A squadron of AMX-30 tanks hull down behind the railway.
The Fresco inbound on a bombing run.
The Mirage failing to shoot it down.

At this point the toys were getting wet and both sides retreated indoors.

Monday, 19 May 2014

Operation Full Frontal - The Battle of Kakstadt, 1979 - part 3b

As we return to Neu Kakstadt we find the PT-76 company probing round the flank (very nasty).  We last saw these chaps being hit by a mortar stonk but each toy can take 2 hits!
By now the French mortars were giving some thought to moving and had the engine of their AMX-VCI running...
The DDR dismounted assault proceeded in textbook fashion - we had after all, read the textbook!
A messy fight followed for the ruins at the top of the photo - and there goes another Entac at a BMP.
On their right flank, the tanks firing in support of the infantry had reduced considerably weakened the French mortar battery.
Infantry and BMPs trundle towards the French second line...
...where several gaps on stands can be seen.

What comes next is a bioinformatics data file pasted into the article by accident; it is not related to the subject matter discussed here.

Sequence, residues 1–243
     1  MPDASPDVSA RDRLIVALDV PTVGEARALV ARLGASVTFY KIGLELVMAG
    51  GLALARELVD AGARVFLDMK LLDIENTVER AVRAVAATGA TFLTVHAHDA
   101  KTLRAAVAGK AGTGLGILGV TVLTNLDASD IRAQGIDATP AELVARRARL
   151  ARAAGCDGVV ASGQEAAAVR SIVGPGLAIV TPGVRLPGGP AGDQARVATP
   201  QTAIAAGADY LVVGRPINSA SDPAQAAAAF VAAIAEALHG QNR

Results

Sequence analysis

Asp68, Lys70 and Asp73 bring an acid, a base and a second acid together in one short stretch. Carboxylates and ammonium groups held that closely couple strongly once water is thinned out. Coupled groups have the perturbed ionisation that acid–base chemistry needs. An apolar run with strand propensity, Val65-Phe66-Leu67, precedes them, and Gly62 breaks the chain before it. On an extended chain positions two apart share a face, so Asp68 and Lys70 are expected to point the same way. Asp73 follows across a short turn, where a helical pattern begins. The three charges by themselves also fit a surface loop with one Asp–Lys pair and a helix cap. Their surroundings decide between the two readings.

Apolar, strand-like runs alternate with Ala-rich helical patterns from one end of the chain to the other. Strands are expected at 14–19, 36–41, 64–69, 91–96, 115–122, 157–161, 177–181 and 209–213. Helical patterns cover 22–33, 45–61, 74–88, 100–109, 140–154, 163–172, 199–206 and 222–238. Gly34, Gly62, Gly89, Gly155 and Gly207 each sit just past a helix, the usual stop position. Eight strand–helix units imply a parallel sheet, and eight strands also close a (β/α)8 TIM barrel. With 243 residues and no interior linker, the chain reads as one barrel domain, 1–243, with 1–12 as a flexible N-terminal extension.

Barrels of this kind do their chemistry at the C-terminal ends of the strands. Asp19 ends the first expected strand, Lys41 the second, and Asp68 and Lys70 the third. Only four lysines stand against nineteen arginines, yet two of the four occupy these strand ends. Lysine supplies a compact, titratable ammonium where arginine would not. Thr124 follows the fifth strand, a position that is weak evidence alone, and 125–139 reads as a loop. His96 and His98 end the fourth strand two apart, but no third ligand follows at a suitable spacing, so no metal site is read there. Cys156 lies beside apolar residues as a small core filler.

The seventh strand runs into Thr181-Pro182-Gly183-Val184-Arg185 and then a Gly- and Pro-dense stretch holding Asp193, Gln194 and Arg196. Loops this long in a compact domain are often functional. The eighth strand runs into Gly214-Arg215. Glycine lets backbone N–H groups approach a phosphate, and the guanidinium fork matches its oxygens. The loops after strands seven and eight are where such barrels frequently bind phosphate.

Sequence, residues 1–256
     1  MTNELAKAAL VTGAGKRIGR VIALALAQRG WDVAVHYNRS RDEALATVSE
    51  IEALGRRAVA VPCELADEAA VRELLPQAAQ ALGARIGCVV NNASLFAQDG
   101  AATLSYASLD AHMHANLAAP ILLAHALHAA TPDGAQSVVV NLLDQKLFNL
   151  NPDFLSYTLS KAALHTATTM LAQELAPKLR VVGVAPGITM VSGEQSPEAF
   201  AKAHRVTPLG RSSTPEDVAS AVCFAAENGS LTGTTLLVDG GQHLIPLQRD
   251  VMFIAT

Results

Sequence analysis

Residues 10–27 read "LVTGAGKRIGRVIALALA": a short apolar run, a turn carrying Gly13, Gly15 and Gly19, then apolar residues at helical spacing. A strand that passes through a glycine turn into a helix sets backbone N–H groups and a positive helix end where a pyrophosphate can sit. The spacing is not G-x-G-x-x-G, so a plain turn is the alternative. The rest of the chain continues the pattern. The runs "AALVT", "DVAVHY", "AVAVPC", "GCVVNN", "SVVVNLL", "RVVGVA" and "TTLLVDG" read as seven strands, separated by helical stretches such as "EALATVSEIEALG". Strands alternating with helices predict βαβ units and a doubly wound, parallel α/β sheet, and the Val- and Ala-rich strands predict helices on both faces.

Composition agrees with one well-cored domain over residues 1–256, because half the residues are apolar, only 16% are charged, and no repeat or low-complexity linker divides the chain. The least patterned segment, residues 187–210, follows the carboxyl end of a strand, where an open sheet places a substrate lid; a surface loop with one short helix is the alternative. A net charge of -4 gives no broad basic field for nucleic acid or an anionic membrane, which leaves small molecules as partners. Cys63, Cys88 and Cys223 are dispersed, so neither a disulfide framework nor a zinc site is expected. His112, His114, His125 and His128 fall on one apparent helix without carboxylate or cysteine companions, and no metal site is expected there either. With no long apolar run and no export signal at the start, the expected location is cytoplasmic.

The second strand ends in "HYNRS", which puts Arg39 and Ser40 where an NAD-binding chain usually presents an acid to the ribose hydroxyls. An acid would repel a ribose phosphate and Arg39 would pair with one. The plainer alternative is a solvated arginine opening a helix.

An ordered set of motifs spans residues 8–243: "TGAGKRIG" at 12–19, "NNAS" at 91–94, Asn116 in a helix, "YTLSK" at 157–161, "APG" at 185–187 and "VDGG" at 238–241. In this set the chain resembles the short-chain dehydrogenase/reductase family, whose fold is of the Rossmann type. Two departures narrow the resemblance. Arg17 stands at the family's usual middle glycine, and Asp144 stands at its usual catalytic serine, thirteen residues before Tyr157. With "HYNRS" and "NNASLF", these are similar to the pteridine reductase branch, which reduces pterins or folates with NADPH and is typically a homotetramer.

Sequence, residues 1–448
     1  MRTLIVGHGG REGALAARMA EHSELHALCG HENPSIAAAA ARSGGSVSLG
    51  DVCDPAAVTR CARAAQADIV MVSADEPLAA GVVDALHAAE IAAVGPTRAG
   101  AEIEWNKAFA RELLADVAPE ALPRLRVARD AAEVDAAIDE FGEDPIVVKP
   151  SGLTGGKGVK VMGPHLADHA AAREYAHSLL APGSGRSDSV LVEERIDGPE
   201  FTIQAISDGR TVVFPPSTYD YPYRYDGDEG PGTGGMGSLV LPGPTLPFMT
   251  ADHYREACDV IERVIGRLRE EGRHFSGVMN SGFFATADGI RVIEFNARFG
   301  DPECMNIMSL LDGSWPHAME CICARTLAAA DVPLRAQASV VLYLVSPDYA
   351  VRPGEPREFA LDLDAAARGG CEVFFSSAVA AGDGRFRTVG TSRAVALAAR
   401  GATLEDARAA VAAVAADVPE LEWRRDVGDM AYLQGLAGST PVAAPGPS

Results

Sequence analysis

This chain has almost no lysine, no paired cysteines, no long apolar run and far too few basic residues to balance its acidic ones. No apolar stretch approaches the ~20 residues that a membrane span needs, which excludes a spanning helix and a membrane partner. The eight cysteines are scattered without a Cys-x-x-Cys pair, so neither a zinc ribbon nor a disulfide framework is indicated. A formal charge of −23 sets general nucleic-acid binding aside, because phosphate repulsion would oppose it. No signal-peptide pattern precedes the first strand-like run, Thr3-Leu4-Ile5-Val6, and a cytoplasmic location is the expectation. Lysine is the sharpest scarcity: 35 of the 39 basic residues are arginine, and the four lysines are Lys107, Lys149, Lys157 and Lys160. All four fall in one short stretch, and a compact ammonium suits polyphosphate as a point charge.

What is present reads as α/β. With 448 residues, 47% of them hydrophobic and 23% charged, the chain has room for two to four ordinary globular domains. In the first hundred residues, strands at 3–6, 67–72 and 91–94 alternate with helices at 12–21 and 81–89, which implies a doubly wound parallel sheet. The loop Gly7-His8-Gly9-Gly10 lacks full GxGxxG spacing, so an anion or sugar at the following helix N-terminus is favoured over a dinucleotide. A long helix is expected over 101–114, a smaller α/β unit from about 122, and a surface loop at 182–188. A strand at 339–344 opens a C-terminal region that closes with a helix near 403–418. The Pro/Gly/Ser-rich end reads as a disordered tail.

Oh I say - that's rather unsporting!
This assaulting business works rather well.
Even the mighty AMX-13 came under sustained RPG fire...
...and eventually perished.
A further Sagger hit on an APC was the last straw for the French.  They shouldn't have left the doors open. Cue Michael Caine....
The survivors saddled up and departed, ending a most enjoyable game which saw several of the game mechanisms in use and more or less working.

Saturday, 17 May 2014

Shopping from Triples

That's the first day of Triples done.  Our 'Doodlebuggers' game went well with around 35 players over the course of the day.  And much chatting with other SWS members and friends old and new - John, Martin, Nick, Tim, Bruce, Pete, Chris, Phil, Ben and Mark to name but a few.
But enough of that.  What - I hear you ask - did I buy?